LEGAL CORNER: Additional powers to deal with fly-grazing

Fly-grazing is when a horse owner illegally grazes or abandons their horse(s) on public or private land.

Saturday, 2nd July 2016, 10:00 am
Updated Thursday, 7th June 2018, 5:59 pm

The Government estimates that as many as 3,000 horses are thought to be illegally fly-grazing across the country.

These horses not only present a risk to public safety but also cause damage to land, crops and fencing.

Furthermore, it costs money and takes someone’s time to provide for their welfare and safety.

The Control of Horses Act 2015 came into force on May 26 2015 with the intention of improving rural communities.

It provides landowners in England with additional powers to deal with horses grazing unlawfully on their land quickly and efficiently.

Under the new law, if a horse has been abandoned on your land the following applies:

Within the first 24 hour period you should inform the police and the owner (if known) that you believe that the horse has been abandoned and that you have detained the horse under the 2015 Act.

Although not a legal requirement it is recommended that you display an abandonment notice near the land in question including the time, date and your contact details.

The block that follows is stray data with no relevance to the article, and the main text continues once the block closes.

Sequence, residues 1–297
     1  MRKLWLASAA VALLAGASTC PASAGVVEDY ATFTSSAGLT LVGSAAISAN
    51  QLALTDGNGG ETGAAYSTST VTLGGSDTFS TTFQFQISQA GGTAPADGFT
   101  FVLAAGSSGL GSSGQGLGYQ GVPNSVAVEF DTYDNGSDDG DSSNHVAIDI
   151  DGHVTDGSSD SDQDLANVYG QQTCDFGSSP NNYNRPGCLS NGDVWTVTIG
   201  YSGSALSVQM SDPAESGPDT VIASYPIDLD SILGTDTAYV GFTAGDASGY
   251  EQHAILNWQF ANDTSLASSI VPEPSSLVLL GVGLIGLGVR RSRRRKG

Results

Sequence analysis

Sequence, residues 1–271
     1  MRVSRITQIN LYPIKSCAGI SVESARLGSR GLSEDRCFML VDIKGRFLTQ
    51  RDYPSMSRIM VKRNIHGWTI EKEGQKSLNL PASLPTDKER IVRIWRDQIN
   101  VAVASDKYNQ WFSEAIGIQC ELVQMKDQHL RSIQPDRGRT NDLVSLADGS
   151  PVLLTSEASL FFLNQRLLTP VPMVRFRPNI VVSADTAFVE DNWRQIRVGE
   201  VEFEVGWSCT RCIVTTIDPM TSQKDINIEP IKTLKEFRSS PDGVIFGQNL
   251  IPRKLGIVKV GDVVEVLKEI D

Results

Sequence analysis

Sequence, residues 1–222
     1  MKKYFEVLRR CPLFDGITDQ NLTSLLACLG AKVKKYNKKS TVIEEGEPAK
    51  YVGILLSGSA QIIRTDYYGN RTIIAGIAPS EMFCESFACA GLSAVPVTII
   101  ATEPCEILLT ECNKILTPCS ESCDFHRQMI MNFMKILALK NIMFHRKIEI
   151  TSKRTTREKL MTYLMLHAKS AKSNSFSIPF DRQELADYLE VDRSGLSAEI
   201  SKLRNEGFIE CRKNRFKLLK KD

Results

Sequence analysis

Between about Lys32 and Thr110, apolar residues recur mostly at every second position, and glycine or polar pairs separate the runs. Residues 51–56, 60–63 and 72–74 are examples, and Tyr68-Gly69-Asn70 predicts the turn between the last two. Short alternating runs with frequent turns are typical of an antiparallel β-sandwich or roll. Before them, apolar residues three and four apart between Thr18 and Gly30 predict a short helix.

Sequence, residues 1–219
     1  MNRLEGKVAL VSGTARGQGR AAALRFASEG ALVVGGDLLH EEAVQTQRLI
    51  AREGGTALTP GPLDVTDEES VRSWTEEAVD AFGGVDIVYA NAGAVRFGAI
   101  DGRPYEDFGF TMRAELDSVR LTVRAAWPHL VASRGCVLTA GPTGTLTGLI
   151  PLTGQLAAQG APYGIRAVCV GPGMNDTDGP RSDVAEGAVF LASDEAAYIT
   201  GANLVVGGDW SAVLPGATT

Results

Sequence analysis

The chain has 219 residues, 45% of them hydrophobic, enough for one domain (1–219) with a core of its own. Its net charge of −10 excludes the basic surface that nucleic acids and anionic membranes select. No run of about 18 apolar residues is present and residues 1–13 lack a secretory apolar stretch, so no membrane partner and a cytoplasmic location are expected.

The owner has the right to claim back the horse within four working days.

If, after this period has expired, the horse has not been claimed back then the ownership of the horse passes to you and you may then dispose of the horse as you see fit.

That could be through selling, rehoming or arranging for the horse to be humanely destroyed.

Any sale proceeds after deducting costs of sale and costs incurred looking after the horse may be recovered by the original owner of the horse.

It is important to record all your actions so take photographs, obtain proof that you tried to contact the owner and keep all documents and receipts safe.

Prevention is better than cure, so if you believe your land may be at risk of fly-grazing consider the following:

- Plough unused fields

- Remove water troughs

- Keep gates padlocked

- Contact your insurance company and ask if they cover fly-grazing

- Keep records of land ownership

If renting out your land ensure that you have a written agreement between you and the horse owner.

For further advice please contact the Litigation Department at George Ide LLP on 01243 786668.


Ian Oliver,



George Ide, LLP

Solicitors of Chichester and Bognor Regis

Telephone 01243 786668